The foreground cluster MS 1358+32 acts as a gravitational lens to amplify the light from the z=4.92 galaxy observed with NIFS on Gemini North (inset). Most of the galaxies that appear yellow in this optical image obtained with HST's Advanced Camera for Surveys are members of the cluster. The blue square marks the location of the image of the distant galaxy. The dark patches in the inset figure show strong rest frame [O II] emission measured with NIFS, where intense star formation occurs. Photo Credit: Dr. Johan Richard, Durham University, inset, Dr. Mark Swinbank et al., and Gemini Observatory.
New results from Gemini observations show the early life of a distant galaxy, building its first generation of stars. An international team led by Mark Swinbank at the Institute for Computational Cosmology at Durham University in the UK and Tracy Webb at McGill University, Canada used the Near-Infrared Integral Field Spectrometer (NIFS) on the Gemini North telescope to make the measurements. See the Durham University press release on this result here.
The galaxy's redshift is z=4.92, so the light comes directly from the time when the universe was just over 1 billion years old. While such distant galaxies are normally extremely faint, this one is fortuitously located behind a massive cluster of galaxies, whose gravity acts as a lens to enhance the view. The team finds that the distant galaxy's apparent brightness is increased 12.5 times, and the lensing magnification assists in probing fine spatial detail which would otherwise be impossible without the increased light grasp of the next generation of 30-meter class telescopes.
The NIFS data show a total star formation rate of at least 42 Msun/year, which would be sufficient after 15 million years to account for the observed mass of stars currently detected in Hubble Space Telescope (HST) and Spitzer Space Telescope observations, M* = 7 x 108 Msun. However, most of the total mass of the galaxy is not in stars so the galaxy probably has a reservoir of material to continue forming new stars.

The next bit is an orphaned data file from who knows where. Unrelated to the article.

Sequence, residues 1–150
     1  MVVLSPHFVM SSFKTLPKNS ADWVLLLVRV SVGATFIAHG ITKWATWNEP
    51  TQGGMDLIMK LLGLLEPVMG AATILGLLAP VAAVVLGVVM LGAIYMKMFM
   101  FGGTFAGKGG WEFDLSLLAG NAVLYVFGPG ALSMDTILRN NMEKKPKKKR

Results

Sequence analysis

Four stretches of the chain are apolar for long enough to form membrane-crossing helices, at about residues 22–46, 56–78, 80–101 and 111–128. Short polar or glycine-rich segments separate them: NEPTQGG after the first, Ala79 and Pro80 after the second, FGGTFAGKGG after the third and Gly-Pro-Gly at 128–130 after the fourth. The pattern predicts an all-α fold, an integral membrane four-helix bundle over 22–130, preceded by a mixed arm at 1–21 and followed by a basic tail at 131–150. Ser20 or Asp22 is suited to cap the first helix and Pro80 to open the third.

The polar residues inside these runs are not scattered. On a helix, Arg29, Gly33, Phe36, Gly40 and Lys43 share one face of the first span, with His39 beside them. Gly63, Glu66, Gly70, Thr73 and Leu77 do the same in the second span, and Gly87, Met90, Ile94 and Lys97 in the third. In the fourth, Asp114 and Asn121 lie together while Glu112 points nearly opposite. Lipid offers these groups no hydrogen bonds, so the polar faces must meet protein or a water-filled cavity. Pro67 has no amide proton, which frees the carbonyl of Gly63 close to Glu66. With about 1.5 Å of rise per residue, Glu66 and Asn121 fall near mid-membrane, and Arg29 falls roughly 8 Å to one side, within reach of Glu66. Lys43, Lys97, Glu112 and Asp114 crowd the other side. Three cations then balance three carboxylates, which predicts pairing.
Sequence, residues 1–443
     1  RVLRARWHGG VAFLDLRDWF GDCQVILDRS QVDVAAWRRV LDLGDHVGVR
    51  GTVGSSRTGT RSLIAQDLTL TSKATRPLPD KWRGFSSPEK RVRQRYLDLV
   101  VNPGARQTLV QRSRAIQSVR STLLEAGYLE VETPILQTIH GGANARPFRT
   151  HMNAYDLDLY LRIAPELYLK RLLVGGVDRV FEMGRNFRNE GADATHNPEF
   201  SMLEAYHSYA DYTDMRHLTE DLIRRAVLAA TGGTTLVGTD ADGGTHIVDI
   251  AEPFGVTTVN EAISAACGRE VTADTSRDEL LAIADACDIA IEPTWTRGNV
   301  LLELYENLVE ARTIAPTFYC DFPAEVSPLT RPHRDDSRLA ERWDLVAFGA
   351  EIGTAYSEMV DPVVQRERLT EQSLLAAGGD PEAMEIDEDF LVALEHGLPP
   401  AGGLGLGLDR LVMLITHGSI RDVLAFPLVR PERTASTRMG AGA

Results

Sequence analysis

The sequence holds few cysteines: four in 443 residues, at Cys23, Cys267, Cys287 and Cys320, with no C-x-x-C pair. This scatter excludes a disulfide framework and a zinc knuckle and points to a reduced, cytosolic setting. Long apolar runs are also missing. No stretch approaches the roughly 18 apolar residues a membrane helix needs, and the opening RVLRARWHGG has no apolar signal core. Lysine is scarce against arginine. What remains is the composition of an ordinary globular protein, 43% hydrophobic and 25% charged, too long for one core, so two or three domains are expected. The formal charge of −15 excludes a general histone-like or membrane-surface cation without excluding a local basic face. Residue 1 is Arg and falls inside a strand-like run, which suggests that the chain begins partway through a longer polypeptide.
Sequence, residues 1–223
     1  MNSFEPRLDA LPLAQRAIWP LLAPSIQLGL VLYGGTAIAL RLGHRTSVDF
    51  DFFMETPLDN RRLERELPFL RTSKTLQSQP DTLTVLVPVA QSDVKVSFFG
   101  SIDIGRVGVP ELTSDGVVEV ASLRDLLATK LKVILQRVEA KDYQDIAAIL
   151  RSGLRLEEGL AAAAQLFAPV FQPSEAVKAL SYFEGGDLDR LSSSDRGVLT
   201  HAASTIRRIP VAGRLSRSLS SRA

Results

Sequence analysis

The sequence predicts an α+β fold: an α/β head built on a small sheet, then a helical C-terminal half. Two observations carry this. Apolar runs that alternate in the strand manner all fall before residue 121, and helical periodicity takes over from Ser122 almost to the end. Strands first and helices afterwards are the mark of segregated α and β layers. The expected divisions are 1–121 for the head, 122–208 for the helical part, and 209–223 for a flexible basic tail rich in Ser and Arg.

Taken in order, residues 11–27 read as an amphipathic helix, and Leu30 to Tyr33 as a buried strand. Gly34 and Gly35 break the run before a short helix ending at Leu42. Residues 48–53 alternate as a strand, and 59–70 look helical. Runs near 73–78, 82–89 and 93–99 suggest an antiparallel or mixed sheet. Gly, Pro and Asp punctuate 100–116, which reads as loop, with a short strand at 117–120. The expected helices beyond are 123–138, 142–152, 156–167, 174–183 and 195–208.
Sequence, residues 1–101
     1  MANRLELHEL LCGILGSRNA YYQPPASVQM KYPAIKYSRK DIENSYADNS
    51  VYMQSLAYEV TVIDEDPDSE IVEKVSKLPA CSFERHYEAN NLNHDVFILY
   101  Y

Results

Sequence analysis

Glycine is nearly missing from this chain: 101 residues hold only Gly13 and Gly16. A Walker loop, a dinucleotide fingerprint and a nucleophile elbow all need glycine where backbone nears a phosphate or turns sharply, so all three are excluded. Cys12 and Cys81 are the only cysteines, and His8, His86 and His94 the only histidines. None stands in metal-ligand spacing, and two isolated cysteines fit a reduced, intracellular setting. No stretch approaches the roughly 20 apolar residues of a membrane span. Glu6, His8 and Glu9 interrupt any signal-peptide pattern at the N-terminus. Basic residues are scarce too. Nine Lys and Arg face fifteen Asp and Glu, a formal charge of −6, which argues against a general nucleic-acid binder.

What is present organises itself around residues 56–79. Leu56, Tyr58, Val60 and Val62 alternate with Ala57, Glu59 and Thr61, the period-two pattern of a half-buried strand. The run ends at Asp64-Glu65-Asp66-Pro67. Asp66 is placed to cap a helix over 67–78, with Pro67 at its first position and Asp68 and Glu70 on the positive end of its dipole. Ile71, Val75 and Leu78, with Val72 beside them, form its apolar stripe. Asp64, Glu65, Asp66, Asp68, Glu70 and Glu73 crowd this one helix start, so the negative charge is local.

Other measurements indicate that the galaxy's stars are relatively young. Together, these findings suggest that we are seeing this galaxy's first episode of star formation. This example offers a unique insight into how the oldest stars in the Milky Way Galaxy may have formed.
The new star formation is concentrated in several distinct areas, not the galaxy's nucleus. These stellar nurseries exhibit star formation rates which are unusually high for their size compared to star-forming regions in the Milky Way Galaxy or typical areas of other nearby galaxies-although they are similar to the extreme cases of starburst galaxies. With new HST surveys of galaxy clusters, the team expects to find more galaxies near z=5 to follow up with Gemini and investigate the early lives of galaxies in detail.
Complete results from the current study are in the paper, "A Spatially Resolved Map of the Kinematics, Star-Formation and Stellar Mass Assembly in a Star-Forming Galaxy at z = 4.9" by Mark Swinbank, Tracy Webb, Johan Richard, Richard Bower, Richard Ellis, Garth Illingworth, Tucker Jones, Mariska Kriek, Ian Smail, Dan Stark, and Pieter Van Dokkum, in Monthly Notices of the Royal Astronomical Society, 400:1121-1131, December 2009.